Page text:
With the ministry of petroleum and natural gas trying to bring down the import of crude oil by betting big on biofuels as a substitute, the bioethanol industry is set to see investments worth about Rs 30,000 crore in the next three to four years in 28 second-generation bioethanol plants. Of the 28, 16 will be in the private sector and 12 in the public sector.
State-run companies such as Hindustan Petroleum Corporation (four), Indian Oil Corporation (three), Bharat Petroleum Corporation (three), Mangalore Refinery & Petrochemicals (one) and the Numaligarh refinery (one) are ready with their road map in this regard.
Private-sector companies such as CMC Biorefineries, Jab Inogi and Chempolis are also in the business.
Other private-sector companies are also in the process of setting up units. This will help in increasing ethanol blending from 4.3 per cent now to 8-10 per cent in 2020-21. India’s bioethanol programme got a push after Dharmendra Pradhan took charge as petroleum minister.
“In the next three to four years, India is set to come up with 28 bioethanol plants. A memorandum of understanding with public-sector undertakings to set up 12 plants in 11 states is in place. This is likely to see an investment to the tune of Rs 28,000-30,000 crore," said Y B Ramakrishna, chairman, working group on biofuels, ministry of petroleum and natural gas. The first second-generation biofuel refinery in India will be set up by Hindustan Petroleum Corporation at Bathinda in Punjab.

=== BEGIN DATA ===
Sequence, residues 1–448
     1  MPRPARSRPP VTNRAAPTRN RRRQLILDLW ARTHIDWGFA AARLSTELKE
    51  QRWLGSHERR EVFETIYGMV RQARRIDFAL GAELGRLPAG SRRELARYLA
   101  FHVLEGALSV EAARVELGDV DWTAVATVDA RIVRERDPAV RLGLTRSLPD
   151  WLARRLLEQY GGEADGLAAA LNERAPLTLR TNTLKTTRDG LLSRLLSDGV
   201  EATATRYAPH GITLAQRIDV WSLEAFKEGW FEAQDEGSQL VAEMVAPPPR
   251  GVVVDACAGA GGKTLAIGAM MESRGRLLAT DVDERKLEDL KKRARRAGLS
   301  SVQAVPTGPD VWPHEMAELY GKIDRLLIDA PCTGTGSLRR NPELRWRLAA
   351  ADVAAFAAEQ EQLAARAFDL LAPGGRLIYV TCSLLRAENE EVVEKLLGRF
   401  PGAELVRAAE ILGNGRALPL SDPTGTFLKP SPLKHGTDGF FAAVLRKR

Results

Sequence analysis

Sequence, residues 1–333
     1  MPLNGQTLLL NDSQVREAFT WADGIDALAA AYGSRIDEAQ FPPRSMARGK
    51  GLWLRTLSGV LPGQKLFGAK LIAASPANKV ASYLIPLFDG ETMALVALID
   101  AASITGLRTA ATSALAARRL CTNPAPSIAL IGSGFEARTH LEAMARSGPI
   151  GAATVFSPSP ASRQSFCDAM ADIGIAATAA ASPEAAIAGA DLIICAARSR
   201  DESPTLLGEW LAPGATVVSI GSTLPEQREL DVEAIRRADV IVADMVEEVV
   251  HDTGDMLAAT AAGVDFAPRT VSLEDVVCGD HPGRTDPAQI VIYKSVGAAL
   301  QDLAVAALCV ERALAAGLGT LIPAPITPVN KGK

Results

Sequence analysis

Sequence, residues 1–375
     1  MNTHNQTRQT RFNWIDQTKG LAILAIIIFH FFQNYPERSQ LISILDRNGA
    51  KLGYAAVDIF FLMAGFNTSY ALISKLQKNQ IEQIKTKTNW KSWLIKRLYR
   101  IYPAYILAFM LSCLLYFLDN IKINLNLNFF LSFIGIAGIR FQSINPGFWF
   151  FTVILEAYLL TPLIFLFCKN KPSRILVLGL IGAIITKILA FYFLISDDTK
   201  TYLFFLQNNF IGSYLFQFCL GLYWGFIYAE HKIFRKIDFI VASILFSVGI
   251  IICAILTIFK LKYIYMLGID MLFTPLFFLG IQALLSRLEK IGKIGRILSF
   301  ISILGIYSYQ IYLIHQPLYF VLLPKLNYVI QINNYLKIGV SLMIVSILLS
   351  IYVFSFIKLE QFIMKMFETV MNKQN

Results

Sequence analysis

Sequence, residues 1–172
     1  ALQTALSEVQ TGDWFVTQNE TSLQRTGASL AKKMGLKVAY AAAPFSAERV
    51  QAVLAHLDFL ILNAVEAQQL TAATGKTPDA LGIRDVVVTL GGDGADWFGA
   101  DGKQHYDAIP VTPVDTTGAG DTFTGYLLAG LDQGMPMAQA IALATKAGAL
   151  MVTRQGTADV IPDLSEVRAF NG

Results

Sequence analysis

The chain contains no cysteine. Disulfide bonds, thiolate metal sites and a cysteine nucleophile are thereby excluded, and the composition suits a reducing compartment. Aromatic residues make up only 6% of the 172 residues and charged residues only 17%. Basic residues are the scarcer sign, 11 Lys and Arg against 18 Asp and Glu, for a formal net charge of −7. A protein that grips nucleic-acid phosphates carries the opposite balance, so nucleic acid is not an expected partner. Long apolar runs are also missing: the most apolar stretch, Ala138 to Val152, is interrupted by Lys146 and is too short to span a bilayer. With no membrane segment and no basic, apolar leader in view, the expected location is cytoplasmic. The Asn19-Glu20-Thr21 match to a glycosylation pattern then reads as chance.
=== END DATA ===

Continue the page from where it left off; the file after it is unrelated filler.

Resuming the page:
In March 2015, Prime Minister Narendra Modi had set a target of bringing down the share of imports in India’s domestic crude oil requirements by 10 percentage points to 67 per cent by 2022, India’s 75th year of Independence.
According to the ministry of petroleum estimates, the biofuel business in India is expected to touch Rs 50,000 crore by 2022, from Rs 6,000 crore now.
Public-sector oil-marketing companies, which are supplying 4.3 per cent ethanol-blended fuel now, procure 1.2 billion litres of biofuel. With a target of five per cent biodiesel blending by 2022, the industry is likely to have a demand of 6.75 billion litres with a business size of around Rs 27,000 crore.
On the other hand, for 10 per cent ethanol blending, the requirement is likely to be 4.5 billion litres with a business size of Rs 23,000 crore.
Currently, 3,700 outlets in the country supply biodiesel, and the ministry aims to have 10,000 outlets by August. India has an installed capacity of 1.2 million tonnes of biodiesel. In order to boost investment in the sector, the government is planning viability gap funding, pump in money to support supply chains, and provide 15-20 years of offtake guarantees to the companies setting up biofuel plants.